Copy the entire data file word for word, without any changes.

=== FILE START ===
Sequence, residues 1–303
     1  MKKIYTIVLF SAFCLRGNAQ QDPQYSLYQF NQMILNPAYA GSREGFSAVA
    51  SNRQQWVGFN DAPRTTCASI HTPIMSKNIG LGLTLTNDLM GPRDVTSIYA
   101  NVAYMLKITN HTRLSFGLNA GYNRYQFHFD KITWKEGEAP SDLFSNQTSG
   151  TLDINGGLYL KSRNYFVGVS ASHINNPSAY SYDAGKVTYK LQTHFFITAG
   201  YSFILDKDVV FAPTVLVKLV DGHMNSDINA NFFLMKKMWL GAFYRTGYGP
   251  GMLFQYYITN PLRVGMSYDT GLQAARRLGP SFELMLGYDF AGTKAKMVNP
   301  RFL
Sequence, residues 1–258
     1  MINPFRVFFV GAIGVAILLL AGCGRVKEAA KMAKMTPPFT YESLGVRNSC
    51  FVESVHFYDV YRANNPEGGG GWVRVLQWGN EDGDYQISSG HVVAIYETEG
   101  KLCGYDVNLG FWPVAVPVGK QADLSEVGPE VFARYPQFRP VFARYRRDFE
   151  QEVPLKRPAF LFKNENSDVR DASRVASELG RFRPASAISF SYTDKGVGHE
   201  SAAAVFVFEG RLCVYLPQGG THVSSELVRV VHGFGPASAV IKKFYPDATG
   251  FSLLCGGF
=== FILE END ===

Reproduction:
Sequence, residues 1–303
     1  MKKIYTIVLF SAFCLRGNAQ QDPQYSLYQF NQMILNPAYA GSREGFSAVA
    51  SNRQQWVGFN DAPRTTCASI HTPIMSKNIG LGLTLTNDLM GPRDVTSIYA
   101  NVAYMLKITN HTRLSFGLNA GYNRYQFHFD KITWKEGEAP SDLFSNQTSG
   151  TLDINGGLYL KSRNYFVGVS ASHINNPSAY SYDAGKVTYK LQTHFFITAG
   201  YSFILDKDVV FAPTVLVKLV DGHMNSDINA NFFLMKKMWL GAFYRTGYGP
   251  GMLFQYYITN PLRVGMSYDT GLQAARRLGP SFELMLGYDF AGTKAKMVNP
   301  RFL
Sequence, residues 1–258
     1  MINPFRVFFV GAIGVAILLL AGCGRVKEAA KMAKMTPPFT YESLGVRNSC
    51  FVESVHFYDV YRANNPEGGG GWVRVLQWGN EDGDYQISSG HVVAIYETEG
   101  KLCGYDVNLG FWPVAVPVGK QADLSEVGPE VFARYPQFRP VFARYRRDFE
   151  QEVPLKRPAF LFKNENSDVR DASRVASELG RFRPASAISF SYTDKGVGHE
   201  SAAAVFVFEG RLCVYLPQGG THVSSELVRV VHGFGPASAV IKKFYPDATG
   251  FSLLCGGF